So it’s an interesting way to like kickstart an economy by bringing in a catalyst to make something work. That changes when you don’t have a job for life. One is that people , employers, tend to only hire people who have the skills that they need, so they won’t…it’s less likely that people will hire someone who’s clearly not proven and then train them up through the ranks. That’s fading away as a thing now. So people are hired for a particular skill. They work for two years is now the industry average in Silicon Valley. And then they leave and go work somewhere else. So why train someone if you know they’re going to leave? It’s only going to cost you money. 

And so you get a lot of companies cutting back on training, workforce training. Career progression is inside the company, which means if a company moves to your jurisdiction, even if you give them incentives and they move, they’re only going to hire pre trained pre-existing people who typically won’t live there. So they’re going to bring in other people to work at their company. They’re not going to hire many of the local existing population. So then you get a group of people who want to live near the new office. So you get this gentrification and displacement game going on where they displace all the people who used to live there. That’s one problem.

And then the other people still have a long commute. So now you get a traffic commute problem. That’s another problem. The other one is that companies are now very, very good at negotiating incentives for this because they know how valuable it is. So they’ll negotiate a lot. And then they will also be very, very good at making sure they don’t pay corporate taxes. And I’m not an accountant, so I can’t not figure out all the hoops, but they make sure that some of these large companies manage to pay less taxes than me as an individual, which is quite amazing.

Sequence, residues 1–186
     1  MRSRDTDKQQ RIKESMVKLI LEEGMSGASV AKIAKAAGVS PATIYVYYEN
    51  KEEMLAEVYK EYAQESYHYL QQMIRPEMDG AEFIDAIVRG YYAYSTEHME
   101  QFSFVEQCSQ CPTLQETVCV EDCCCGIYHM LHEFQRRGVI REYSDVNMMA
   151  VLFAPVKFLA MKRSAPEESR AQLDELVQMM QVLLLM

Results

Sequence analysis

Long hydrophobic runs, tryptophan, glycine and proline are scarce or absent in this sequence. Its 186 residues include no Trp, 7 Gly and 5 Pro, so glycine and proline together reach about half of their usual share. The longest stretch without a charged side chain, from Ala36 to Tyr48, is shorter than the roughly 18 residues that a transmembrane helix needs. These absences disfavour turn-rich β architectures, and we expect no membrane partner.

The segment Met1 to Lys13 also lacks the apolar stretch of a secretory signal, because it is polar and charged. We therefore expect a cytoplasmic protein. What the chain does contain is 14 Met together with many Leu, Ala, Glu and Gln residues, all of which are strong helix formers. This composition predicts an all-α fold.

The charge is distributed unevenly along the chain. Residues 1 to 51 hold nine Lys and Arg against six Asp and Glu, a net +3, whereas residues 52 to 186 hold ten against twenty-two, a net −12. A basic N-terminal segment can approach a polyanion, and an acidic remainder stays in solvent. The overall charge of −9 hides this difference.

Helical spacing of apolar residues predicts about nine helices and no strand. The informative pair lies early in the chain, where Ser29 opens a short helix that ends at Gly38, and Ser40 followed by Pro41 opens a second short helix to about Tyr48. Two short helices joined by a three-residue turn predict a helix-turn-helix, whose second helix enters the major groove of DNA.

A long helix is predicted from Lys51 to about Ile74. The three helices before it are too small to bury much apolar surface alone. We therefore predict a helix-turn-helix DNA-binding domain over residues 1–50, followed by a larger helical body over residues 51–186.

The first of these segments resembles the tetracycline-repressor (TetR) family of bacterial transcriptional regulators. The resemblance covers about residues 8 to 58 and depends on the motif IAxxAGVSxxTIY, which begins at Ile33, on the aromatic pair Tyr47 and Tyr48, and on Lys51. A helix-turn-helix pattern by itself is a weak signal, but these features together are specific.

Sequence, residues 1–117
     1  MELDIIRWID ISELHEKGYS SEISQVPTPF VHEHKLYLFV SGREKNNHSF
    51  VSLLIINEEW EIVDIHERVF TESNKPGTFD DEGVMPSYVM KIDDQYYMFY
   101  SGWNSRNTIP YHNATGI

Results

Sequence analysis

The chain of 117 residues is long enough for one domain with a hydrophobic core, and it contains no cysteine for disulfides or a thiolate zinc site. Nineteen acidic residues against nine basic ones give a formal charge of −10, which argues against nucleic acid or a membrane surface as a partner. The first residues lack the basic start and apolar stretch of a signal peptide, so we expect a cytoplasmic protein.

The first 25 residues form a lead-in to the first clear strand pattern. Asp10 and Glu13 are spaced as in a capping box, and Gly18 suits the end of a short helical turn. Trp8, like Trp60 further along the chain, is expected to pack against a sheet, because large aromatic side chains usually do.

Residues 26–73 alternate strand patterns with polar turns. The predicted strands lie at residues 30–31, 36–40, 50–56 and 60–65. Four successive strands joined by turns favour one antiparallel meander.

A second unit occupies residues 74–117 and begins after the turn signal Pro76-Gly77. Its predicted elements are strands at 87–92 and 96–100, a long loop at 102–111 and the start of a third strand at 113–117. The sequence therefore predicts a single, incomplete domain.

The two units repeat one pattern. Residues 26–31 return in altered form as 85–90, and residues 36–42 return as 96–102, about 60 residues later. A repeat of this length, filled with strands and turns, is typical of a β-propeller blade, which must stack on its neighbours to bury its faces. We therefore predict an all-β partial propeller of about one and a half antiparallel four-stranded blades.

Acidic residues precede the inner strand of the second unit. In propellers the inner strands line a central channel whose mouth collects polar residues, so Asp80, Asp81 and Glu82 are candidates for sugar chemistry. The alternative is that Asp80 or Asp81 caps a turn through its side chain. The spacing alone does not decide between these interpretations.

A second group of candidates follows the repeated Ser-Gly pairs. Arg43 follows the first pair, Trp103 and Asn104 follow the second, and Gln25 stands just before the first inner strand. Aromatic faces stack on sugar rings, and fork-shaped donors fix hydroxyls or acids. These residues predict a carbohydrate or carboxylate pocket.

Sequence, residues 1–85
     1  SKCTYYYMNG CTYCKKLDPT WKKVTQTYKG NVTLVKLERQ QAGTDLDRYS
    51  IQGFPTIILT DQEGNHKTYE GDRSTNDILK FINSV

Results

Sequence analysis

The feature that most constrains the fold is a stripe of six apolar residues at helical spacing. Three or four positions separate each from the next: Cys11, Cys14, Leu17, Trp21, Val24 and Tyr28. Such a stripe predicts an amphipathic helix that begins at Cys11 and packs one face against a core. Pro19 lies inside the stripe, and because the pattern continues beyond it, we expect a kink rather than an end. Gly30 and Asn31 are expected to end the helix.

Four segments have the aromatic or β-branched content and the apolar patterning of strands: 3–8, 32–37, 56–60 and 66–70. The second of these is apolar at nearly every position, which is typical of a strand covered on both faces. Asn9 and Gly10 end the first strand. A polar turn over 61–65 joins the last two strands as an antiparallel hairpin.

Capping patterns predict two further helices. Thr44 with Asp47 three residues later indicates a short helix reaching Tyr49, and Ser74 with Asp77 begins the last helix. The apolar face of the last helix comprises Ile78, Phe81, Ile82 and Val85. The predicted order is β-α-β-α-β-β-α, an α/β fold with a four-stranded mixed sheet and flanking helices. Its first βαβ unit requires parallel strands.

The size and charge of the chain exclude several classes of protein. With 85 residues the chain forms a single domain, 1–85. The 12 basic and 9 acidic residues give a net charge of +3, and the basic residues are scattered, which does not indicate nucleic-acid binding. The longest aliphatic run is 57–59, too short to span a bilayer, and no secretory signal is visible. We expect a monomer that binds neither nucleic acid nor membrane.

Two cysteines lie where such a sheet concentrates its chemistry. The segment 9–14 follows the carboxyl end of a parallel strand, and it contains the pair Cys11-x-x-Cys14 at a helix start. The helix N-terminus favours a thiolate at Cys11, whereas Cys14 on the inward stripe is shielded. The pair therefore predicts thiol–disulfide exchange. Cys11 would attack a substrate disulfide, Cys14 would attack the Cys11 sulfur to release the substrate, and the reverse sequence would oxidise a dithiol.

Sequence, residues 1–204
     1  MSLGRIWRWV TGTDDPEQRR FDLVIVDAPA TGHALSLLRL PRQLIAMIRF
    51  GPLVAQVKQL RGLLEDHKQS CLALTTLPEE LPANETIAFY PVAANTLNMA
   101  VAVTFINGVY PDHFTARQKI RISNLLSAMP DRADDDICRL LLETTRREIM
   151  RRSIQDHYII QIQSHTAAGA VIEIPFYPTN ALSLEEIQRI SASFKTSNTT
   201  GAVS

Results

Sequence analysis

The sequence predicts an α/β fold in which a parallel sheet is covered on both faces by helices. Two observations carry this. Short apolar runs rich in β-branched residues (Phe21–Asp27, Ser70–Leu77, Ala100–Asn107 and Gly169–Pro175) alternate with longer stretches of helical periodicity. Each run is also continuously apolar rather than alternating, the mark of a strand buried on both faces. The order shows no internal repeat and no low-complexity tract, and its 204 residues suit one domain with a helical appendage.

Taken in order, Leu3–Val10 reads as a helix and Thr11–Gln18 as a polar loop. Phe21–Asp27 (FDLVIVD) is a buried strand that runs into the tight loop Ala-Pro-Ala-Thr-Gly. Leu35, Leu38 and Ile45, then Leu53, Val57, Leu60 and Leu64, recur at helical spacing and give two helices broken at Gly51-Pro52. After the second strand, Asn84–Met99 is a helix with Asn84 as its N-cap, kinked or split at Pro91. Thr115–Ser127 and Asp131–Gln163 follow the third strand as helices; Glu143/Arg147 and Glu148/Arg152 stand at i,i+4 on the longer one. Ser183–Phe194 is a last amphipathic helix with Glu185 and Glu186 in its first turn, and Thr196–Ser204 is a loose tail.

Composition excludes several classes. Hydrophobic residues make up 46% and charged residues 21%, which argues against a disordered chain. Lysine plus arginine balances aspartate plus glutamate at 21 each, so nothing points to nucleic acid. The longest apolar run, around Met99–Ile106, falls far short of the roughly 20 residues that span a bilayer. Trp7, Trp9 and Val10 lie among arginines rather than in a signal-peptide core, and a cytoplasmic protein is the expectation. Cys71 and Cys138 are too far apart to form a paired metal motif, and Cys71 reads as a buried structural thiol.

So organized jurisdictions don’t get their money back from the corporate tax. And that’s what triggered this different approach. I think having coworking spaces in different communities so people can live wherever they want and have a meaningful career, while living in a neighborhood that now has an employed population of people bringing net new revenue in. Like if I work in South Lake Tahoe, to take a hypothetical example, and then I go work in a coworking space there and I get paid by an employer that’s not there. I’m bringing net new cash into South Lake Tahoe. And then I go spend it in a coffee shop or in a restaurant that’s net new revenue going around inside the town. And that’s an important enabler. And also, I’m also normalizing the idea you can work online because my neighbors will see me walking down to the coworking center and having a good job and walking home. And at some point my neighbors who would have never considered working online, will come and ask me, how do you do that? What kind of job do you do? And so then they can see that normal people work online and have meaningful careers. So I think those coworking spaces are really, really important.

Jamie [00:26:18] And I mean, I completely agree. And, you know, I may be somewhat biased, but that’s I mean, that’s exactly what we’ve been doing in South Lake Tahoe at Cowork Tahoe. In fact, what we’ve gotten not only as a result of having a physical coworking center that people can walk or ride their bikes to, it’s allowing people to live in a mountain town like ours where they’d like to live. And still be participating in the workforce that they did when they were in New York or Chicago or Silicon Valley. And now we are seeing a pretty big impact on the surrounding neighborhood and the community as a whole, because not only are new people to town participating in these jobs, it is inspiring and allowing the local workforce to also see that its a  possibility to participate in the distributed workforce as well. So, do you think that local governments and policymakers and economic development institutions should really focus on coworking and flexible workspace instead of these incentive packages to large corporations?